BIOCHEMISTRY AND MOLECULAR BIOLOGY DEPARTMENT
In this issue of the newsletter, we will be highlighting the research being carried out by the Biochemistry and Molecular Biology Department at DDI, led by Dr. Jehad Abubaker.
Discover the latest research being carried out at DDI on Epigenetics
MIR-181D Plays A Protective Role Against Obesity By Regulating The Activity Of Angptl
Mohamed Abu-Farha, Preethi Cherian, Irina Al-Khairi, Rasheeba Nizam, Abdullah Alkandari, Hossein Arefanian, Jaakko Tuomilehto, Fahd Al-Mulla & Jehad Abubaker
Lipid metabolism is an important factor in the pathology of obesity since excessive lipid accumulation and dyslipidemia are associated with obesity. The role of epigenetic factors such as microRNAs in regulating many biological processes associated with obesity and diabetes including lipid metabolism has been recently highlighted. However, the mechanism of action for such molecules is not fully understood. One example is miR-181d which was shown to reduce plasma triglyceride (TG) levels in mice. A key enzyme in regulating TG levels is lipoprotein lipase (LPL). Angiopiotin-like proteins (ANGPTLs) are also emerging as critical regulators of adipocyte differentiation and lipid metabolism. Specifically, some members of the family (ANGPTL3, 4 and 8) were shown to regulate LPL enzymatic activity. Therefore, ANGPTL inhibitors, and specifically inhibitors of ANGPTL3, are being developed as potential therapeutic agents to reduce lipid levels in the plasma. Studies are also showing differential expression levels of miRNAs and ANGPTLs in obese versus non-obese individuals.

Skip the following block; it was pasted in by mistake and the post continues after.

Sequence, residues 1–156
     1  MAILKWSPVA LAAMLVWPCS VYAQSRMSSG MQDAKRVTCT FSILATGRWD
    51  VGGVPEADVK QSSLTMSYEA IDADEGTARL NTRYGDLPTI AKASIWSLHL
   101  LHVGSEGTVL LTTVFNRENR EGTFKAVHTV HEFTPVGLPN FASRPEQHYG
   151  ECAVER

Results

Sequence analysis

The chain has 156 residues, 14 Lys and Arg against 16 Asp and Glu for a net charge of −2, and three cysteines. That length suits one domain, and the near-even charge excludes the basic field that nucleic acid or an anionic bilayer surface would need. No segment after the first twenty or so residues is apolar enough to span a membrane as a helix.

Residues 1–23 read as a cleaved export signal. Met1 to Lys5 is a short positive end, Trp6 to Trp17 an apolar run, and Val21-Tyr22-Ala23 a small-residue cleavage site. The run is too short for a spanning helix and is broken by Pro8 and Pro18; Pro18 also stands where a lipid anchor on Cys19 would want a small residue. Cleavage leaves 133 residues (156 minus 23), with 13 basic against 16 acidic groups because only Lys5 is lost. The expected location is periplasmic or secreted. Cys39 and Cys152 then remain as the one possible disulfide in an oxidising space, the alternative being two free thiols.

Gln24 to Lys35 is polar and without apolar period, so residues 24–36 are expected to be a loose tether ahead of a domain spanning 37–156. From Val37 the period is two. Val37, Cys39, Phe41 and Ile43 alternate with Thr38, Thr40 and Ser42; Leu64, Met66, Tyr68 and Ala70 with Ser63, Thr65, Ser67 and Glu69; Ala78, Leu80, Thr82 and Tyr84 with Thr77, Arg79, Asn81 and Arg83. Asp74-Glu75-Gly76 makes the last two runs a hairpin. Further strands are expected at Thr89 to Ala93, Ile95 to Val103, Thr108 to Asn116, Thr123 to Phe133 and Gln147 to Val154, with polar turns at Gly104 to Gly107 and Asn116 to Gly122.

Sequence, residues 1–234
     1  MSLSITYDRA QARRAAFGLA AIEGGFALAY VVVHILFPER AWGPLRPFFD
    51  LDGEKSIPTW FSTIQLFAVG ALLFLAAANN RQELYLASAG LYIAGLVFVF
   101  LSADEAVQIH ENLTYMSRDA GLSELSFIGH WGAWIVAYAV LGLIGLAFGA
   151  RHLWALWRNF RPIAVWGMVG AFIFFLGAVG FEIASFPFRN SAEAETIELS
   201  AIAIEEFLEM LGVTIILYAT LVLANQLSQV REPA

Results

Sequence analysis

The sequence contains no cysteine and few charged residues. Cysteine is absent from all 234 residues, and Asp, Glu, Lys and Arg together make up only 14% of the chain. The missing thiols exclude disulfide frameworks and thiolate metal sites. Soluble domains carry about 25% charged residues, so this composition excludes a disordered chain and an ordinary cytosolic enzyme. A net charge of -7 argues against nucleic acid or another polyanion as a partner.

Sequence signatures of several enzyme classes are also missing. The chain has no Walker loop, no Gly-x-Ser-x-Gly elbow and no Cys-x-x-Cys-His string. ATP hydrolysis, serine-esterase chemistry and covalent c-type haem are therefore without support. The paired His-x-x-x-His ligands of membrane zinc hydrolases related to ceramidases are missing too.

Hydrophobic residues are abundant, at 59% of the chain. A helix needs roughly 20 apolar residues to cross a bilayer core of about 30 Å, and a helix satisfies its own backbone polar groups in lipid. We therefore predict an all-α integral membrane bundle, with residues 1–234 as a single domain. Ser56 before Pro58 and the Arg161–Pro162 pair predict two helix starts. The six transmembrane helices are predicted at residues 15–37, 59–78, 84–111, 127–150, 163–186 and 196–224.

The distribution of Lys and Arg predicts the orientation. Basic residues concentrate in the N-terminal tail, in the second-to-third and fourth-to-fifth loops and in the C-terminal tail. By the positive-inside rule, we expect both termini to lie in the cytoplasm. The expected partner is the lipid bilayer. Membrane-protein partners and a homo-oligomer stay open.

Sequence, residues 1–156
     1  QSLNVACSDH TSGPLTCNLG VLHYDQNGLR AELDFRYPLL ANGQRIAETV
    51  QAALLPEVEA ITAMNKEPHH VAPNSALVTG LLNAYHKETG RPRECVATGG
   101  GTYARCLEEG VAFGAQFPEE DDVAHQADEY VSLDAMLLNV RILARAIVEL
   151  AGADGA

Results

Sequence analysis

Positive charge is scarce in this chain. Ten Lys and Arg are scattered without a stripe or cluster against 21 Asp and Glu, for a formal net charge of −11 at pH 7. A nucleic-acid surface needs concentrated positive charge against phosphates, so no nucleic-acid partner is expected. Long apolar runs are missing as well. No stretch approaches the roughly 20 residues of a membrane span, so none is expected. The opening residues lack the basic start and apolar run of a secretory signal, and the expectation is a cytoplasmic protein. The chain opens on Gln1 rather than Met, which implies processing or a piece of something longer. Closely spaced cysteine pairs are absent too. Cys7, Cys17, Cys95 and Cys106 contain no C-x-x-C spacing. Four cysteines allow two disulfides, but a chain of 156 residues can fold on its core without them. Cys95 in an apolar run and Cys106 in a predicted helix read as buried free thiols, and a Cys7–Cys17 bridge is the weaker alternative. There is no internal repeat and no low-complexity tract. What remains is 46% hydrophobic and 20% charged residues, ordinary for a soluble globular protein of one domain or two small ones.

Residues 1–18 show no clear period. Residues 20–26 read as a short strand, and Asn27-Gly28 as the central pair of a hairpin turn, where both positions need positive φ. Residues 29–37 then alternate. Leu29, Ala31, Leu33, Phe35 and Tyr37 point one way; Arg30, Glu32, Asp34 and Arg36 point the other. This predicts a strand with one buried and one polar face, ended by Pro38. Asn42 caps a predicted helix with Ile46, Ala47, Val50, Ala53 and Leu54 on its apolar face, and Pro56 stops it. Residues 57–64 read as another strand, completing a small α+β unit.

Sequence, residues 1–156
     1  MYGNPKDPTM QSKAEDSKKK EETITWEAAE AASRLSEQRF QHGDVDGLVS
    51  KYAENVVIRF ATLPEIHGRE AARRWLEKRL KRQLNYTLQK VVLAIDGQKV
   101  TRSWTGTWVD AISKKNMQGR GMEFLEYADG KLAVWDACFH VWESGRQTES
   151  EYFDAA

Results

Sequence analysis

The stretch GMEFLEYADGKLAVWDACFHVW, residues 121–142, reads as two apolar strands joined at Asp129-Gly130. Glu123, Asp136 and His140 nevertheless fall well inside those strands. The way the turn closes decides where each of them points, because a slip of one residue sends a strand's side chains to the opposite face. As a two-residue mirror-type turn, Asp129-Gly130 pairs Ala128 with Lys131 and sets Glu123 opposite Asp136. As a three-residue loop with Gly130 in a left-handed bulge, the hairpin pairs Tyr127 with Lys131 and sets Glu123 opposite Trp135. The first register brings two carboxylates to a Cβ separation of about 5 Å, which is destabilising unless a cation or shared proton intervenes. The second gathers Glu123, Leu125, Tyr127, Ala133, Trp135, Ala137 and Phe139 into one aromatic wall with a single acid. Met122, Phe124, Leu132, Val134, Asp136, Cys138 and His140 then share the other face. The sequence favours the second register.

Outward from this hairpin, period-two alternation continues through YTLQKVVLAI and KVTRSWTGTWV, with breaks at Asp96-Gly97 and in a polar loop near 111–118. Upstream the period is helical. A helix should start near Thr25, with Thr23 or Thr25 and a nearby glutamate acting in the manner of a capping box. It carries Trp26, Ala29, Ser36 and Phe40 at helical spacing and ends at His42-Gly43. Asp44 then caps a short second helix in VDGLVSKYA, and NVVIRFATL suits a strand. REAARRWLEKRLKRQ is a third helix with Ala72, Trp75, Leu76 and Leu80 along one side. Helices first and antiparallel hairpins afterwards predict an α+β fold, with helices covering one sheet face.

The aim of this recent study was to identify microRNAs that can inhibit ANGPTL3 activity. An initial screening suggested miR-181d as a potential candidate. The study consisted of 144 participants, 82 non-obese and 62 obese. The levels of miR-181d were measured in plasma and adipose tissue and were found to be significantly lower in obese participants compared to non-obese participants (Figure 2A and 2B). Interestingly, opposite results were observed for ANGPTL3 since plasma levels of ANGPTL3 in the same samples were measured and found to be significantly higher in obese individuals compared to non-obese controls (Figure 2C). The study also showed binding of miR-181d to ANGPTL3 in an in vitro model of liver cells that results in the inhibition of ANGPTL3 expression and consequently increase LPL activity (Figure 3). Taken together, data from this study illustrates a protective role for miR-181d against obesity via its action on ANGPLT3 as summarized in Figure 4 (Abu-Farha et al., 2019).
THE DEPARTMENT RECENTLY SUBMITTED A PATENT APPLICATION ON THE INTERACTION BETWEEN MIR-181D AND ANGPTL3 AND ITS ROLE IN REGULATING LIPID METABOLISM.
1. Abu-Farha, M., P. Cherian, I. Al-Khairi, R. Nizam, A. Alkandari, H. Arefanian, J. Tuomilehto, F. Al-Mulla and J. Abubaker (2019). “Reduced miR-181d level in obesity and its role in lipid metabolism via regulation of ANGPTL3.” Scientific Reports 9(1): 11866.
2. De Jesus, D. F., Z. Zhang, S. Kahraman, N. K. Brown, M. Chen, J. Hu, M. K. Gupta, C. He and R. N. Kulkarni (2019). “m6A mRNA methylation regulates human β-cell biology in physiological states and in type 2 diabetes.” Nature Metabolism 1(8): 765-774.
3. Dominissini, D. (2014). “Roadmap to the epitranscriptome.” Science 346(6214): 1192.
4. Yang, Y., P. J. Hsu, Y. S. Chen and Y. G. Yang (2018). “Dynamic transcriptomic m(6)A decoration: writers, erasers, readers and functions in RNA metabolism.” Cell Res 28(6): 616-624.